BY DAVID SEELEY • JUN 9, 2022
Open Wide: Robots Are Doing Dental Implants in DFW
The Yomi robotic system, developed by Miami-based Neocis, is assisting with dental implants in at least two Dallas-area practices. “It works like a GPS navigation system for the mouth,” says Coppell’s Dr. J. Robert Steele. At ArchPoint in Dallas, 172 implants in 90 cases have been placed using Yomi, with patients being “intrigued” by the “minimally invasive experience.”
Cool fact to watch for below: Yomi’s co-developer won an Emmy for creating ESPN’s “K-Zone” pitch tracker.
Dr. Reed Gibbins and Dr. Tom Draper of ArchPoint Oral and Maxillofacial Surgery are using the YOMI dental implant robot. [Photo: ArchPoint]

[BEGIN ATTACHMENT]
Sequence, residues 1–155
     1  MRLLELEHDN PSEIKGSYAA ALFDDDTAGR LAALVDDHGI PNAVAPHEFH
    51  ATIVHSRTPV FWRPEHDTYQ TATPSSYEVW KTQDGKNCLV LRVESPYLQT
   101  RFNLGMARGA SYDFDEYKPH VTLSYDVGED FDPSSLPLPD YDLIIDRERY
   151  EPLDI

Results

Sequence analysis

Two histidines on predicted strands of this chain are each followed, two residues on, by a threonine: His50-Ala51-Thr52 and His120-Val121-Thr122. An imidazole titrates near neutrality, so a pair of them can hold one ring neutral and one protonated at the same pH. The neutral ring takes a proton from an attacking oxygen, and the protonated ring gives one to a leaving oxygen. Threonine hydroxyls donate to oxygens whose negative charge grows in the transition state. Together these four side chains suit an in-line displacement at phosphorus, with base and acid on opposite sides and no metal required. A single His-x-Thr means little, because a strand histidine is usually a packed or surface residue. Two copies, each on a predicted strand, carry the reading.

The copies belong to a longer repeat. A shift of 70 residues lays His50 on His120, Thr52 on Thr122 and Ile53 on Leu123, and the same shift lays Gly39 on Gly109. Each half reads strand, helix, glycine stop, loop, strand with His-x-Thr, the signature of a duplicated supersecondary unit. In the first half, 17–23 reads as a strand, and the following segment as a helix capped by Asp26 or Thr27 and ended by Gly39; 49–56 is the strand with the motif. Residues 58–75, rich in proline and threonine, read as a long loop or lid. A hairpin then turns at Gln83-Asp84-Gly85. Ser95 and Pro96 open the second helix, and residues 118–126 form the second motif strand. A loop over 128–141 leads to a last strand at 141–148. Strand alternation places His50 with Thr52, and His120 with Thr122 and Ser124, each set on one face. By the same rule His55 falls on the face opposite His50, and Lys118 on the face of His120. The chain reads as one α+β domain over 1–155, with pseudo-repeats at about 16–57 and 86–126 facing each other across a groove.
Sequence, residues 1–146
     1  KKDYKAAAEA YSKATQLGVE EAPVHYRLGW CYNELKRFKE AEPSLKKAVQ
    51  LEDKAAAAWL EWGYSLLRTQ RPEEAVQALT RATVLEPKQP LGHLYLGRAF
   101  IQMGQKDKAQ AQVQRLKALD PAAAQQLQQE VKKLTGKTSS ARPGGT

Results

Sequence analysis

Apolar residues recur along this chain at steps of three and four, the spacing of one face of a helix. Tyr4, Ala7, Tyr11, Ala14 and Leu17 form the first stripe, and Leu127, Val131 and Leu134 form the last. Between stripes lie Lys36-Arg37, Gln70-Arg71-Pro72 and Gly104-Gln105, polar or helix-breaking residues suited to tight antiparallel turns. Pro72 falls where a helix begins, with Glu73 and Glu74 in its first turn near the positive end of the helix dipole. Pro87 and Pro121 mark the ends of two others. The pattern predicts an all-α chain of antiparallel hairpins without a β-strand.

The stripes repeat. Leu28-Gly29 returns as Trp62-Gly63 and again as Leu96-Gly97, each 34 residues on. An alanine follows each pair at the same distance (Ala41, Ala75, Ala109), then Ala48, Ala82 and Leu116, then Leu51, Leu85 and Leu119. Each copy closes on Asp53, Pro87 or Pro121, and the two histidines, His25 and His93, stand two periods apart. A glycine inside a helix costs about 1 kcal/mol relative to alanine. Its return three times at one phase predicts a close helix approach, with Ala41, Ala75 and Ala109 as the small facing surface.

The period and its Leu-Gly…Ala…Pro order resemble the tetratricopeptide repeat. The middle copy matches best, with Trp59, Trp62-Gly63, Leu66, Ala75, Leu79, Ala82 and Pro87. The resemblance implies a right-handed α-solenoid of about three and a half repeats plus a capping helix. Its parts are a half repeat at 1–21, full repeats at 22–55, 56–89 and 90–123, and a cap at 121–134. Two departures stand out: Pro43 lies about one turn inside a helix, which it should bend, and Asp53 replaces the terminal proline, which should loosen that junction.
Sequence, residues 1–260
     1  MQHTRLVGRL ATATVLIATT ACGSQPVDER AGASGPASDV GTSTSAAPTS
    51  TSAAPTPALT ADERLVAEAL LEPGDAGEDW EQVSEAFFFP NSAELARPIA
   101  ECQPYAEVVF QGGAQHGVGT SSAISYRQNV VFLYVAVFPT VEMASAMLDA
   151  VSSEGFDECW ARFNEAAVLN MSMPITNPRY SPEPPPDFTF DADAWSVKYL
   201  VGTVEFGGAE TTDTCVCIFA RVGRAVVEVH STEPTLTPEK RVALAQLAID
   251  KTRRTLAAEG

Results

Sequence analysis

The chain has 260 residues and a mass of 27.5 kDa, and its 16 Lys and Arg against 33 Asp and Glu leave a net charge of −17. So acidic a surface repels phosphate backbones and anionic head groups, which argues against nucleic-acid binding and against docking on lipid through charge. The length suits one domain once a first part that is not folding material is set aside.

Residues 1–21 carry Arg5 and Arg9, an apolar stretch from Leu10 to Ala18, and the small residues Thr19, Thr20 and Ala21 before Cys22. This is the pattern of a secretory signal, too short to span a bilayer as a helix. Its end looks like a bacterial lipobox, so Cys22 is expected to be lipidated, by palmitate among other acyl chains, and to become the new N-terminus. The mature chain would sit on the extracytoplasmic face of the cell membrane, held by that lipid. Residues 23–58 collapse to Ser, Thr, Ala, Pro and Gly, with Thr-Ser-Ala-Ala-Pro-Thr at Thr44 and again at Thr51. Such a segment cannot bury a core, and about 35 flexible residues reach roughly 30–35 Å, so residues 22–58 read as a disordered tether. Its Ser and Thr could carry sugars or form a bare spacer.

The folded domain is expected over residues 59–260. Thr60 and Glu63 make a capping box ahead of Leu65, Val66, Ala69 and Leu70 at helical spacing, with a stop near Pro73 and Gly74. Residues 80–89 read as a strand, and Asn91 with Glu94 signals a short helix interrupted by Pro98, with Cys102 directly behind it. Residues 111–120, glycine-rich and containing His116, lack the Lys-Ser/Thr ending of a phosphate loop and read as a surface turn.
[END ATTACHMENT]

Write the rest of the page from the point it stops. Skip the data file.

Robots already do lots of things in Dallas-Fort Worth, from polishing your nails to delivering wings to rolling tacos down sidewalks to giving CEOs a lift. But now they’re finally doing something really fun: dental implants.
The Yomi robotic system is the first FDA-cleared robotic device for dental surgery, providing robotic guidance and “delivering repeatable surgical precision,” according to Neocis, the Miami-based startup that developed it.
Dental implants are a leading standard of care for replacing missing teeth, with around 500,000 Americans getting an implant each year. Now Yomi is taking on some of that workload right here in North Texas.
Approved by the FDA in 2017, the system’s use has been pioneered at Boston University’s Henry M. Goldman School of Dental Medicine and the University of West Virginia’s dental school—and now a number of dental practices across the U.S. are using Yomi, including at least two in DFW.